Family’s CCTV Footage of Anti-Social Youths is Lesson for Leicester Pupils
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A family’s CCTV footage of how youths made them too scared to leave their homes is being shown to primary school children.

The family, who live in Blaby, installed cameras to show police and council officials how bad things could get as young people gathered outside their home, which was a flat over a parade of shops. Last summer they say some drunk youths smashed bottles, burned newspaper, shouted and urinated. Others threw boxes around, kicked the shop fronts and drank alcohol.

The mother, who did not want to be named, said:

“As soon as it was dark they would start to gather, hassling the people passing to buy them alcohol from the shop.”

“They were about 12 or 14 and drunk on vodka they drank mixed in coke bottles.”

“My sons, aged 15 and 16, would come and wake me up and tell my there were more people outside smashing bottles. It was horrendous. I couldn’t let my sons out because they would get abuse. I was begging my husband to move us somewhere else.”

The family showed footage from the CCTV cameras to Blaby District Council’s antisocial behaviour team.

The council installed a “Mosquito™” device that blasts out a high-pitched noise inaudible to adults, which stopped the youngsters gathering there. Now the footage is being shown in primary schools around Blaby district to teach children how their actions can ruin the lives of others. A group of 90 pupils at Millfield Community School in Braunstone have been shown the film and had a talk from police.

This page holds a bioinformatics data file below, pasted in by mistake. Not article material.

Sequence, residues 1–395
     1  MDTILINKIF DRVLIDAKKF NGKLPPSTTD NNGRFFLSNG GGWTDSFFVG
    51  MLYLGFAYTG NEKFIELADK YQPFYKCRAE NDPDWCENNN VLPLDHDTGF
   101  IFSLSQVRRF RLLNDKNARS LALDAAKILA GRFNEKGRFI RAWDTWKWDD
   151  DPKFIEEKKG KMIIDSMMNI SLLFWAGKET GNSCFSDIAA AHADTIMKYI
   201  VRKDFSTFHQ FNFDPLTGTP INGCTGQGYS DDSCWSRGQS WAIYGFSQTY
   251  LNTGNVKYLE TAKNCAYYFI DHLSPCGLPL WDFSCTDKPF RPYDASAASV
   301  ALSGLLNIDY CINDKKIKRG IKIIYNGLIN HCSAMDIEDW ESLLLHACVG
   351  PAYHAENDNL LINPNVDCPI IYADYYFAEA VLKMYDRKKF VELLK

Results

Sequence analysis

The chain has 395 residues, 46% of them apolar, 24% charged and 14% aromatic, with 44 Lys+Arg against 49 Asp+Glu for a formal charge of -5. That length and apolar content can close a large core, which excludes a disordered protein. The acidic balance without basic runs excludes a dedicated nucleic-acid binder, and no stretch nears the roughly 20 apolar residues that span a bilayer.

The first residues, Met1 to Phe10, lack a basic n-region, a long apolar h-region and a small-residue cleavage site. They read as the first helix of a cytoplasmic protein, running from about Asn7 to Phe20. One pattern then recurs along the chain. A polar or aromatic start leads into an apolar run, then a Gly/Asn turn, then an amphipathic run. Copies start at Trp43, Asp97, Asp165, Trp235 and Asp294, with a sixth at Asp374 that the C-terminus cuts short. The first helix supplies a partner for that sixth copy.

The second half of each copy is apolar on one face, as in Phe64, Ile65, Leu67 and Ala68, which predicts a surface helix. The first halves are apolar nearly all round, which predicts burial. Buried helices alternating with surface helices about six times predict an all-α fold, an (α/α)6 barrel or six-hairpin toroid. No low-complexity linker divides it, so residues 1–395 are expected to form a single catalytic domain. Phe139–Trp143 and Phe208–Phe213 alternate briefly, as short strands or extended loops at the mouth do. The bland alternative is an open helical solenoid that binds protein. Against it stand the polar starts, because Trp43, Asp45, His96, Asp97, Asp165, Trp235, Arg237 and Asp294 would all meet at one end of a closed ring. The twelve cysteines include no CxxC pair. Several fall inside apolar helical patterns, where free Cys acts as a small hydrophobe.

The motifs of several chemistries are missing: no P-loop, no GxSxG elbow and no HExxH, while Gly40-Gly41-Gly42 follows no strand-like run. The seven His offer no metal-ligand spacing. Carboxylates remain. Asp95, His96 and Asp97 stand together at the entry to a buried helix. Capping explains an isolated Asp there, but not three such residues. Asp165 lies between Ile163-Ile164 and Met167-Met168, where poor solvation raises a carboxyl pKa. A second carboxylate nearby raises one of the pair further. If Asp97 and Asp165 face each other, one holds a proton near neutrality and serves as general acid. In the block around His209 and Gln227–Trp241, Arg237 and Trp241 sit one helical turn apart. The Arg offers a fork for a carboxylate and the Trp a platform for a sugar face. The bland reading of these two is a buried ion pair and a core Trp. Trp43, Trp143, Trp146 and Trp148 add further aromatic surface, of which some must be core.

Year 6 head Kathryn Griffin said:

“The clip showed some acts of vandalism and children misbehaving outside a shop. The police talked about the case and the definition of anti-social behaviour. The children gave lots of examples of things they had either seen or nearly been involved in. I think they took it all very seriously.”

Sandra Wooding, the council’s assistant community safety officer, took part in the visit. She said:

“The case in the CCTV footage was one we were working on for three months. The family living above the shop became prisoners in their own homes, with crowds of up to 60 youths outside until 1am some nights.”

The school visits will continue until March next year. Inspector Jon Brown, of Blaby police, said:

“This is about educating young people about being good citizens. We explain to them the impact of their behaviour and get them to see it from the point of view of others.”

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